When someone asks about the burst pressure of pipe, the best answer is a theoretical one. Burst pressure is literally the pressure that a pressure vessel like pipe or tube can handle before rupturing or “bursting”. Environmental conditions and other factors can play a part in how a pipe will fail. Designing of a pressure vessel and selecting the material to be used can be a complex process. One must refer to the appropriate ASME BPVC code and should not simplify the process by only finding an approximate burst pressure of pipe or tube. There are formulas that can be used to help estimate pipe or tubing’s burst pressure. The following should be used as a reference only. Corrosion Materials is not liable for any damages that may occur if information presented is used in any way other than as reference.
The two most commonly used formulas are Barlow’s and Lamè equations. Burst pressure is a function of the material’s strength and pressure vessel dimensions (i.e. wall thickness, inside and outside diameter). Temperature can also affect the burst pressure since variations in temperature can have a direct effect on materials strength. The following discussion will take only room temperature conditions into consideration and this information should only be used a guideline or reference. A safety factor must be taken into consideration when calculating working pressure.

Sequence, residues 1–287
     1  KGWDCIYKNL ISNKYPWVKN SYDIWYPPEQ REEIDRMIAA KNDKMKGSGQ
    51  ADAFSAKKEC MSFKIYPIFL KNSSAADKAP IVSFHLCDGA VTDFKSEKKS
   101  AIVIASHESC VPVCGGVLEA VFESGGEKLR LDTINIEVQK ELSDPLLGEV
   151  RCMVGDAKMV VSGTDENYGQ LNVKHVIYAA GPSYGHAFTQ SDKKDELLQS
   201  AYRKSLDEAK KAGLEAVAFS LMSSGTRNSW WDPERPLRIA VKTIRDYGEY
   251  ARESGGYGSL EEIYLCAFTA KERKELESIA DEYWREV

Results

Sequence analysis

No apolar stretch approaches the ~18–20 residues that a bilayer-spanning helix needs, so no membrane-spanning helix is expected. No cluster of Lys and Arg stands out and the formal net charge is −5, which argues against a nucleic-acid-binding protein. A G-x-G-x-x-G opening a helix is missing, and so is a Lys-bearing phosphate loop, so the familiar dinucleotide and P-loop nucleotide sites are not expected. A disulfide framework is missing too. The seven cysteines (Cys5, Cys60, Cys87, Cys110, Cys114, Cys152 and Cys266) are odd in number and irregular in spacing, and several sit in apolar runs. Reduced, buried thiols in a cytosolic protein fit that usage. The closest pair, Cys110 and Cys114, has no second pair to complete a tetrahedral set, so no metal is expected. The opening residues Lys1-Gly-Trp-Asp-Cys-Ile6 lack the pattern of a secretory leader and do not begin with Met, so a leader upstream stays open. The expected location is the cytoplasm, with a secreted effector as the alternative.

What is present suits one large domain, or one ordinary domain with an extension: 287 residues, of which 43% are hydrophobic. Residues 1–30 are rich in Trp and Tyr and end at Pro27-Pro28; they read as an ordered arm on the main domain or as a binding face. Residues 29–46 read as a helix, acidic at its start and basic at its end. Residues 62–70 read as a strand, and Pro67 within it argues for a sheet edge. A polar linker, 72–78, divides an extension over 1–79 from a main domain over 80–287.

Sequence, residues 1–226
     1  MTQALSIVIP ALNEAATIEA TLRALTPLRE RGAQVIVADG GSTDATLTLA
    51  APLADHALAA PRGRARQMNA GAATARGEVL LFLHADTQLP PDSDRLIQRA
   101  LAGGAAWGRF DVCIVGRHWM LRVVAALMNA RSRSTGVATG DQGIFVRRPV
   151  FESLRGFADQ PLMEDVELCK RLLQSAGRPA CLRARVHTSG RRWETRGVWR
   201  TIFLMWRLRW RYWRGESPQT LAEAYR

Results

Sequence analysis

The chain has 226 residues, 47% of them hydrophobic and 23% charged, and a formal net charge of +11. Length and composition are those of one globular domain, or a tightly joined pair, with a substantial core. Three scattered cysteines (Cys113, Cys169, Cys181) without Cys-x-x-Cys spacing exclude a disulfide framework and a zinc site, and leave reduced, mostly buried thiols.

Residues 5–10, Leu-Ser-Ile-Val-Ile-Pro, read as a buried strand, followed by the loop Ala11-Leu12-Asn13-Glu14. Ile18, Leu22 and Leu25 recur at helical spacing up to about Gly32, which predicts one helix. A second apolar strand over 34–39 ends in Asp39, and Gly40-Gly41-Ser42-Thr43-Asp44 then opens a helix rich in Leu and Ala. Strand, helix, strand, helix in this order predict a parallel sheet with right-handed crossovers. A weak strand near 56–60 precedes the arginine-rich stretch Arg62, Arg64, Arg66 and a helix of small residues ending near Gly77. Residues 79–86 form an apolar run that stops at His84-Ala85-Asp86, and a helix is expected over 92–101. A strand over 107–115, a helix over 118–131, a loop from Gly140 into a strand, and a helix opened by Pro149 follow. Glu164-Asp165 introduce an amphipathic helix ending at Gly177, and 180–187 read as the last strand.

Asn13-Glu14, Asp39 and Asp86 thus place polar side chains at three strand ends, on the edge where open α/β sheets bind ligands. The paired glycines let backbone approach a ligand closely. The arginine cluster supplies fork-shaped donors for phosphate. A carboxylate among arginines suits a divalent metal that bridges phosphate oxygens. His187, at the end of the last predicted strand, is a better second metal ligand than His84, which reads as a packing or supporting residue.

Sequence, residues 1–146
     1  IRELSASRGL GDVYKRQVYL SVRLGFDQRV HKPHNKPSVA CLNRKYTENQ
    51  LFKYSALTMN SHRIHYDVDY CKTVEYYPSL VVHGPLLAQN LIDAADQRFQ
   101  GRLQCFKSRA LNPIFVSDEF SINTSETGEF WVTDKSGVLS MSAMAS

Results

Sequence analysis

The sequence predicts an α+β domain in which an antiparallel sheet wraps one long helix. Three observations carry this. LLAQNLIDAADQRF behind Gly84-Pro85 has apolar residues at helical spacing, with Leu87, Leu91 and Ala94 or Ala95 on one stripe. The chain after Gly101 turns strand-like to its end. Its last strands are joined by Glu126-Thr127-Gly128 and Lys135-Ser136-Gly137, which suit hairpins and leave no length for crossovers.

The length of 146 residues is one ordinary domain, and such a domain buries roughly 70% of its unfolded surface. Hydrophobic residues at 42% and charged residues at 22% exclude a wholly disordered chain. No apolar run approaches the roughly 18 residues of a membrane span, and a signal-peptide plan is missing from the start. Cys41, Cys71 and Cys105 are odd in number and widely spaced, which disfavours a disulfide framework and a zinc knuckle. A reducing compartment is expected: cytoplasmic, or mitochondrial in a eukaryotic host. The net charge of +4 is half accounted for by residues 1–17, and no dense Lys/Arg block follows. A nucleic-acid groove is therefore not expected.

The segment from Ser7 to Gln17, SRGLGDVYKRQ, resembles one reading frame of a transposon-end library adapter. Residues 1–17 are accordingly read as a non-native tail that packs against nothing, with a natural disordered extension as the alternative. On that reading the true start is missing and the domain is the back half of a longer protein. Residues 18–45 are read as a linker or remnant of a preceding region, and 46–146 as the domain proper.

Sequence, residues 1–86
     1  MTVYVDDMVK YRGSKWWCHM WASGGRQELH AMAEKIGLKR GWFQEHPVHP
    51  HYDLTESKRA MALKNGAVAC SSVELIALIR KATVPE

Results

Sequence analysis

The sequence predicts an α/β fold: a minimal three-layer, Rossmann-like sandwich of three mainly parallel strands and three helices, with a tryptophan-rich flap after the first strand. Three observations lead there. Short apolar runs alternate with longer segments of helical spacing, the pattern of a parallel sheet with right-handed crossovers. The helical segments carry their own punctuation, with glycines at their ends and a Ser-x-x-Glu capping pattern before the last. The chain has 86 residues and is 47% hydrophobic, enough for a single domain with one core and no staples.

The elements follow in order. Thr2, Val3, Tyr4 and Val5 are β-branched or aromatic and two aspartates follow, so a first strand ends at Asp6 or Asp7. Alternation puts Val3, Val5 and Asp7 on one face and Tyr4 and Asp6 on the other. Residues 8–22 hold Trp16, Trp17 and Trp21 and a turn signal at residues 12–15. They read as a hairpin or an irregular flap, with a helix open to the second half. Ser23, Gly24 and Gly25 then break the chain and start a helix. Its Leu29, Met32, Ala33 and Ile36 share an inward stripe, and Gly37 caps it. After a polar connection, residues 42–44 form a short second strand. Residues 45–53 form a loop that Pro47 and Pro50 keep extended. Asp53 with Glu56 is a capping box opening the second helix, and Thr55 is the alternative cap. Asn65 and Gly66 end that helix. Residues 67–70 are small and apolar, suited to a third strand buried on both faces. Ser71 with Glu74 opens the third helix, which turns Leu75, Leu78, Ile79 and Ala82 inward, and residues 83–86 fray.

Barlow’s Equation is made for calculating internal pressure. This can be either Burst Pressure or Yield Pressure depending on what material property is used in the equation. Quite a bit of information can be extracted from this equation, but what is important is that you have a defined purpose. If you wanted to know at what point the material would begin to plastically or permanently deform, you could use the yield strength. That is why the ultimate tensile strength is used to find the bursting pressure or the point at which the material ultimately fails.
Lamè Formula – Barlow’s is a good formula to use for all pipe, tube or cylinders. This formula was simplified from the complete Lamè solution. Below is a simplified iteration of the Lamè formula.
Check out our online Burst Pressure Calculator using Barlow’s Equation. Enter the values for tensile strength (PSI), wall thickness (Inches) and outside diameter (Inches) into the form. The ‘Compute’ button will calculate the burst and working pressure. If you do not have all the information for the calculator and would like technical assistance with your project, call 1-800-455-2276 to speak to Jacob Rodriguez, our Metallurgist and Technical Services Engineer.
ASME Boiler and Pressure Vessel Code, Section VIII, Div. 1, Table UNF-23-3, Par.UG-27 and Appendix 1, Par. 1-2
Steel Pipe: A Guide for Design and Installation, 4th Ed. (M11), pg. 45, American Water Works Association Staff.
A Handbook of the Petroleum Industry, Volume 2, pg. 721, Edited by David Talbot Day